Andrew said he has been committed to the needs of African-Americans since his youth.
“My friend and I biked across the city to Plymouth Avenue in the aftermath of the riots against police violence in 1965,” said Andrew. “I didn’t know what it all meant, I just knew it was wrong. And I knew it was reprehensible.”
Andrew said he was also instrumental in recruiting former mayor Sharon Sayles Belton to run for the position. Belton was elected as the city’s first – and only – African-American mayor. Belton, however, is supporting Cherryhomes.
Cherryhomes, a resident of north Minneapolis, said she doesn’t just live in the community, but is part of the community.
“I led by example by hiring African-Americans every opportunity I got and then nurturing them so they could go on and do other more important things,” said Cherryhomes, speaking of her time as a city council member.
Cherryhomes said even after her time in office she continued her service to the African-American community, working with Summit Academy and the Phyllis Wheatley Community Center.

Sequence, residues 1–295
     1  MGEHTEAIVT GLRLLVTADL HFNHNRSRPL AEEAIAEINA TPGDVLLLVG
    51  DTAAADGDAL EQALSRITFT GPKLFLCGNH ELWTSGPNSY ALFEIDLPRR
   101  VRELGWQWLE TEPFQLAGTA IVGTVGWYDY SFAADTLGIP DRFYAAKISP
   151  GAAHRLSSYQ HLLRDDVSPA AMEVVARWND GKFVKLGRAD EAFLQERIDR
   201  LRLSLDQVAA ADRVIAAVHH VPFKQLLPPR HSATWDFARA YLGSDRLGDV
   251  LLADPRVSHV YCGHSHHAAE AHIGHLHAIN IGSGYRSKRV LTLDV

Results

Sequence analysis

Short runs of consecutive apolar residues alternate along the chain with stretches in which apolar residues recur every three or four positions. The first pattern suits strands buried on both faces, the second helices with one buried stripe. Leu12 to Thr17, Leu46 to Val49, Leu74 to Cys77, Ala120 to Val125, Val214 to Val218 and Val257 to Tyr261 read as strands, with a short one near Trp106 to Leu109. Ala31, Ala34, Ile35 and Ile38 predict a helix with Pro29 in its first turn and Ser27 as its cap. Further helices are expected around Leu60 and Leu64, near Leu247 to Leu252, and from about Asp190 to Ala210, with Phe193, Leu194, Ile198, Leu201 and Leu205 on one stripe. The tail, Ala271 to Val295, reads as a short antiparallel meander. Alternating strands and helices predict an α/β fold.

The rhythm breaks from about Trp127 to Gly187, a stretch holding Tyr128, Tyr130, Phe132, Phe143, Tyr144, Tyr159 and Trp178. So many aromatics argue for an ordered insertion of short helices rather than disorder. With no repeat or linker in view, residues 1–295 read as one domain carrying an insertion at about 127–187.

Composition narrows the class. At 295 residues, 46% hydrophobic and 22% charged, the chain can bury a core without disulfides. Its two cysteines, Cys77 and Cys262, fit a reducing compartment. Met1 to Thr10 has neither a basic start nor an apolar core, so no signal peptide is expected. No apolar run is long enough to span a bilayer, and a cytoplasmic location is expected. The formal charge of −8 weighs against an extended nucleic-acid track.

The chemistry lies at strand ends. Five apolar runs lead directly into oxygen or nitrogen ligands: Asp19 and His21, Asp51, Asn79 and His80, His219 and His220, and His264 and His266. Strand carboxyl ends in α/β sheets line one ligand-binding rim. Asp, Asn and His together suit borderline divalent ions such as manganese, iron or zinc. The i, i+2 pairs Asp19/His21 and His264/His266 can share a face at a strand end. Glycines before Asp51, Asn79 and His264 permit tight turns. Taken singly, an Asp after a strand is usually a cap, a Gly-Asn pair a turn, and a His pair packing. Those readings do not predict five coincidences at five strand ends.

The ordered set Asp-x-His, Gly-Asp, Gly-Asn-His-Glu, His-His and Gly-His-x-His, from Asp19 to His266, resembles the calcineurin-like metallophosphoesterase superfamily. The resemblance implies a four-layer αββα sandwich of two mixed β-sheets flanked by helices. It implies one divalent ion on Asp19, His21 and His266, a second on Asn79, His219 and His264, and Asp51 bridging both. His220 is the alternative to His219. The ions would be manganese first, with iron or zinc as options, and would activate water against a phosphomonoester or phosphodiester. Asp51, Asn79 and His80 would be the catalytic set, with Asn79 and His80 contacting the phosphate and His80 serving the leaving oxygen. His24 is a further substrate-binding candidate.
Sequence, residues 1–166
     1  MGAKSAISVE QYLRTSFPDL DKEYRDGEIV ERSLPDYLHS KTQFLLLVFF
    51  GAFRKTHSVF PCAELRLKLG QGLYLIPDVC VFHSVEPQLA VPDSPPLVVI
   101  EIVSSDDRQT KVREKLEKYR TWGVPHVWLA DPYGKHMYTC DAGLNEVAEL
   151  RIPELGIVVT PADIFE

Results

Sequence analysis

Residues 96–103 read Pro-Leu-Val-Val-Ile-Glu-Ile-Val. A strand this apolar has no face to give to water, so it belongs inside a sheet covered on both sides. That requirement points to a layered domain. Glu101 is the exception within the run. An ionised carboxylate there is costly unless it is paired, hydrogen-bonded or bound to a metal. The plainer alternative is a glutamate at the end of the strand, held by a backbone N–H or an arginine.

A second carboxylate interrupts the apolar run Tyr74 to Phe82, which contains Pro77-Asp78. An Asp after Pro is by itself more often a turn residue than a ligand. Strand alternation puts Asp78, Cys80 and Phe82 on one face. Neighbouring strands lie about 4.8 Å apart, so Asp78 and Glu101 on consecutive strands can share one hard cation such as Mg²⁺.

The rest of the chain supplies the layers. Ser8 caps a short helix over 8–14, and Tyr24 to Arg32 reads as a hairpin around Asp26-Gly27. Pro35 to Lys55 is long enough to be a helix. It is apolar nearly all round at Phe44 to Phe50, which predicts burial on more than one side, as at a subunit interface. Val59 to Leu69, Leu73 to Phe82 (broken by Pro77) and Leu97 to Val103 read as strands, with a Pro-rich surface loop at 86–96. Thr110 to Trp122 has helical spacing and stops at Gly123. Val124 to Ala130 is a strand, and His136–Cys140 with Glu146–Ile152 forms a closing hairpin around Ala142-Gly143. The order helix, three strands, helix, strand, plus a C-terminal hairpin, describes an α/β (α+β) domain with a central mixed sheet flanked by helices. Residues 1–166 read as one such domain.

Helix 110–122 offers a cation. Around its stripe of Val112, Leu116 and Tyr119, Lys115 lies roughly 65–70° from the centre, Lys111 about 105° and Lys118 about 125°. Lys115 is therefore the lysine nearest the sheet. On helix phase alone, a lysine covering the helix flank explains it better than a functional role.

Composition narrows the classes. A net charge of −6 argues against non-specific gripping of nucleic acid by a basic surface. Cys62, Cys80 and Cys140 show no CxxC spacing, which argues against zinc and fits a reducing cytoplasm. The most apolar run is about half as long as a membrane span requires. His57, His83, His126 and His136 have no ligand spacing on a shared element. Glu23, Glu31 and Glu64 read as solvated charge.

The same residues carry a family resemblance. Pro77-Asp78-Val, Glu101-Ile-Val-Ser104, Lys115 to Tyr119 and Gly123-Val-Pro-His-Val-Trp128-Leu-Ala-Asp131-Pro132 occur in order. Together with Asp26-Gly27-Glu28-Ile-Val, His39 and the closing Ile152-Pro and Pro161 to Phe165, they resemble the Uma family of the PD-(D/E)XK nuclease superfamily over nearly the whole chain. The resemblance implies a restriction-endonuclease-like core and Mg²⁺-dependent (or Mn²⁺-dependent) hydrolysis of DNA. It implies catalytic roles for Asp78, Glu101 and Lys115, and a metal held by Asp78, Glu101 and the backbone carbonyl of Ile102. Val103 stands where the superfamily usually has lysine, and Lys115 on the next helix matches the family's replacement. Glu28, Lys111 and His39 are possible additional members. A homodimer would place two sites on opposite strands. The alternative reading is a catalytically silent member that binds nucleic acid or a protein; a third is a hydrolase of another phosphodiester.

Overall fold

“You have to be engaged (with the African-American community) in many ways. You have to engage with the church community, with the service community, with the nonprofit community,” said Cherryhomes. “Your engagement has to be intentional, it has to be genuine and it has to deliver results.”
Schiff said he has worked for and with many African-American organizations including the Minneapolis Urban League and OutFront Minnesota where he worked to close loopholes in many of the city’s civil rights laws. He said his work helped to close the loophole that did not allow for citizens to bring forth complaints against the city’s police department.